Yeongam : Sebastian Vettel leapfrogged Fernando Alonso at the top of the world championship on Sunday as the Red Bull driver led from the first corner to win the Korean Grand Prix.
With four races to go starting in India in two weeks, Vettel, the reigning champion who is chasing a third drivers’ title in a row, sits atop the standings with 215 points. Alonso, who finished third, is on 209.
It was the 25-year-old German’s third win in three races and he will now be favourite to retain his crown, in what had been a highly unpredictable season until he took the championship by the scruff of the neck.
Second at a cool but sunny Yeongam was Vettel’s teammate Mark Webber, who started on pole. It was the first Red Bull one-two of the season.
Alonso’s fellow Ferrari driver Felipe Massa, second at Suzuka seven days ago, continued his resurgence with a fourth-placed finish. Lewis Hamilton, who still had title aspirations going in this grand prix, finished down in 10th.
Fifth was Kimi Raikkonen of Lotus, followed by Nico Hulkenberg in a Force India. Romain Grosjean (Lotus), Jean-Eric Vergne, Daniel Ricciardo (both Toro Rosso) and Hamilton rounded out the top 10.
Vettel, who started second on the grid behind Webber, nipped in front of his teammate at the first corner. Behind them Alonso and Hamilton duelled over third place, with the Spaniard winning through.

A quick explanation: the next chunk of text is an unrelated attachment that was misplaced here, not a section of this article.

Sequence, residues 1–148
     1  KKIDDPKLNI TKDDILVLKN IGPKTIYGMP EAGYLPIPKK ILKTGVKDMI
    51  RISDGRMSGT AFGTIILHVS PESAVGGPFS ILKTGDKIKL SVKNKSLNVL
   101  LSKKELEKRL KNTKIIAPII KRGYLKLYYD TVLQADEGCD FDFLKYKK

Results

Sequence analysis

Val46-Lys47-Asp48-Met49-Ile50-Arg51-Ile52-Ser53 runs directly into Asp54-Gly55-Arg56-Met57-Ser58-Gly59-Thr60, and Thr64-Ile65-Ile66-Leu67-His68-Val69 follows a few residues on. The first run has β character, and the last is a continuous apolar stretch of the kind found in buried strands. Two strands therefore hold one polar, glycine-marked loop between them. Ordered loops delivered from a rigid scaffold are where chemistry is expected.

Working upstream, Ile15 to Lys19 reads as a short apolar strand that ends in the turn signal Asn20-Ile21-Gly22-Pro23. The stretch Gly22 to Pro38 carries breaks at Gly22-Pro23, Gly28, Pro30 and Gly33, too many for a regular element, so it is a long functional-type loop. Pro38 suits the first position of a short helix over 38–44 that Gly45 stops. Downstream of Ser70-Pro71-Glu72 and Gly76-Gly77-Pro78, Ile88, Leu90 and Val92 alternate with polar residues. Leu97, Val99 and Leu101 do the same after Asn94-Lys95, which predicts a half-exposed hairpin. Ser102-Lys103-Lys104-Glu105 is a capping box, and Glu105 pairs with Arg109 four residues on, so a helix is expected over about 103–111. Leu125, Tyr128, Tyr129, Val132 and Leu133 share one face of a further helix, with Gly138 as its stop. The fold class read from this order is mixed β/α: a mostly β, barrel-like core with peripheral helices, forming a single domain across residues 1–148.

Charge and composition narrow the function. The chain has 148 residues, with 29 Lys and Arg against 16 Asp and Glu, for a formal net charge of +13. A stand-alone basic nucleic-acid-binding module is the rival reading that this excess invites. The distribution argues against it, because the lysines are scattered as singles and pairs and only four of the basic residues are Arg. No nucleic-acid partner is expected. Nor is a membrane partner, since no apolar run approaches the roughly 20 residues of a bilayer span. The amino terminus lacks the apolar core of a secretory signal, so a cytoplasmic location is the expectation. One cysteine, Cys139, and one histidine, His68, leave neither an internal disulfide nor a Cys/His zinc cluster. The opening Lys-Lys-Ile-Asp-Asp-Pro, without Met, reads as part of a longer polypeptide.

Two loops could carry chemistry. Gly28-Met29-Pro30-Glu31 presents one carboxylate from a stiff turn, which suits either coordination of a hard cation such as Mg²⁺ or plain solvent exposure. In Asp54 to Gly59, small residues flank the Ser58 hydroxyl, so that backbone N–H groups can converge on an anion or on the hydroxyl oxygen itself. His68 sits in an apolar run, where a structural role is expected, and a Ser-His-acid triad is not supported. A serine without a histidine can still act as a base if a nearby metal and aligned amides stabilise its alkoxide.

Jenson Button’s bad weekend finished almost as soon as the race began. His fine start from lowly 11th was wrecked when Kamui Kobayashi came flying down the inside, smashing into Button and destroying his suspension.
“I’ve just been hit by Kobayashi. What an idiot!” the McLaren driver and 2009 world champion exclaimed over the team radio. Also out, not long afterwards, was Nico Rosberg, who retired his Mercedes because of the same incident. The Sauber driver Kobayashi, third last week in his native Japan, was forced to pit for a new nose and tyre.
He was then landed with a drive-through penalty for causing the early carnage, and bowed out soon afterwards when Sauber decided that the damage to his car was too extensive.
The Sauber team tweeted before the race was out: “Kamui says with 4 cars side by side after the start he had nowhere to go but to brake at some point. He is very sorry for Jenson and Nico!”
Vettel, the man in form after victories at the last two races in Singapore and then Japan last week, was in firm command. Webber — intentionally or not — was a buffer between the leader and the chasing pack. The Red Bull duo were exchanging fastest laps in front of a good crowd — the last two races at Yeongam have failed to attract spectators — while an improving Massa shoved a struggling Hamilton further down the field.
Vettel had a shaky moment on lap 35 of 55 when he ran wide, before pitting to go onto softer tyres. Those tyres were wearing out fast by the end of the race, his team warning him repeatedly to “look after” his front right wheel.
“Sorry to go on here… you won’t know when it’s too late,” his team told him, as he carefully closed out another imperious win.